Bukit Lawang was incredible. Our couple of days there were some of the most enjoyable ever. It's pretty small but the scenery is amazing and the people are really friendly - plus there weren't many backpackers or tourists about at all. We definitely want to go back to the Sumatra jungle and see more of Indonesia. But unfortunately this time we had to head back to Penang (especially seen as we only had a 7 day visa!). After our second day trekking we got straight on a bus and headed to Medan. What we saw of Medan seemed quite nice, but it wasn't somewhere we would have wanted to spend longer. Then the next morning we got back on the boat to Malaysia - which was less pleasant than the trip over even if slightly shorter.
The definite highlight of Malaysia so far was the Cameron Highlands. Despite an horrendous day attempting to get a bus there from Penang, once we arrived we managed to find a great guesthouse - the family who ran it were ultra friendly and helpful and the gardens and views (and breakfasts!) were fabulous.
Instead of paying for another trek we decided to devise our own (with the 'help' of a very bad map). Our first day we got slightly lost because our map routes didn't match the signposts so we ended up walking along the roads for most of the time. But we made it to the strange butterfly farm and saw all the strawberry farms (and got back) which was the intention. Our second day trek was more successful, we walked through the jungle and then up a long windy road to a tea plantation - a pretty long walk just to get some tea (complete with chocolate cake and scones with jam obviously) but well worth it. Our legs are suffering today though from all their recent activity!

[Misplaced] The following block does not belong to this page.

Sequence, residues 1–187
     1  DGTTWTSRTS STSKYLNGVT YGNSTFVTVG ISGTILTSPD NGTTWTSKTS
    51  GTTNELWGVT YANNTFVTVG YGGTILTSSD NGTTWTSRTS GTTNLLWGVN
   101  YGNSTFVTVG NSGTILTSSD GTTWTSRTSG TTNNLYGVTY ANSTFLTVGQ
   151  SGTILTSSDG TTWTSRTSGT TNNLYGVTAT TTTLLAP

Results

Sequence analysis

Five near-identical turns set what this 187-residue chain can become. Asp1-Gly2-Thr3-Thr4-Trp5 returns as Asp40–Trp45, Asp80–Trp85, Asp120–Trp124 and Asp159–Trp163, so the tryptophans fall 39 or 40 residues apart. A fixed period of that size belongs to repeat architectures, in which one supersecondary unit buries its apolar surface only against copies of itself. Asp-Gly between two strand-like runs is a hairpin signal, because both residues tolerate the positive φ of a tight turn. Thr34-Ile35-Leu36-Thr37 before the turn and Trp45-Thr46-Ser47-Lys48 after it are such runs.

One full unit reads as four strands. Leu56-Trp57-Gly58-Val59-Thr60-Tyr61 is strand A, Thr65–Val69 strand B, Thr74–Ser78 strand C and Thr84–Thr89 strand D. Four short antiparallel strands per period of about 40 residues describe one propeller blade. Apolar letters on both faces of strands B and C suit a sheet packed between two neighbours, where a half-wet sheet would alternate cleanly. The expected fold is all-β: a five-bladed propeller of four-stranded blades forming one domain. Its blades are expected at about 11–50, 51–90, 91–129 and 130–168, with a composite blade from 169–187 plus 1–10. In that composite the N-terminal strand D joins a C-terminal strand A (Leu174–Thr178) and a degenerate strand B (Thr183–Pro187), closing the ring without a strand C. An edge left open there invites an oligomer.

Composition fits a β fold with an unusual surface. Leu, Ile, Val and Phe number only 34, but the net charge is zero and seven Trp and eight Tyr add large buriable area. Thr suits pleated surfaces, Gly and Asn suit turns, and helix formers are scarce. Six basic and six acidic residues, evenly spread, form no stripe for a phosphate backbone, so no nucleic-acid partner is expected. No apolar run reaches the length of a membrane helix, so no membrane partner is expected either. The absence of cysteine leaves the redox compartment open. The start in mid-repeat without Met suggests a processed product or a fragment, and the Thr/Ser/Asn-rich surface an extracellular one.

And now we are in Kuala Lumpur (and almost at the end of this blog, bet you're all sighing with relief!), we only got here this afternoon and are staying in the most laid back guesthouse in the world - I was sure it must be run by Sean when we walked in, but apparently not. Malaysia is alot different to the other Asian countries we've seen, in both good and bad ways. Their roads are great, and it's really easy to get around. Their more western approach to life ensures you don't get hassled - which is strange now, we get off a bus and there's no one trying to compete with each other for your attention. We kinda miss it!! The greatest downside however is the price of beer, it's extra expensive - boo. Guess it's setting us in good stead for Singapore and Oz though.
Also, they really like Boys II Men here as well which is a bit weird - I'm loving it, Pug's not so much.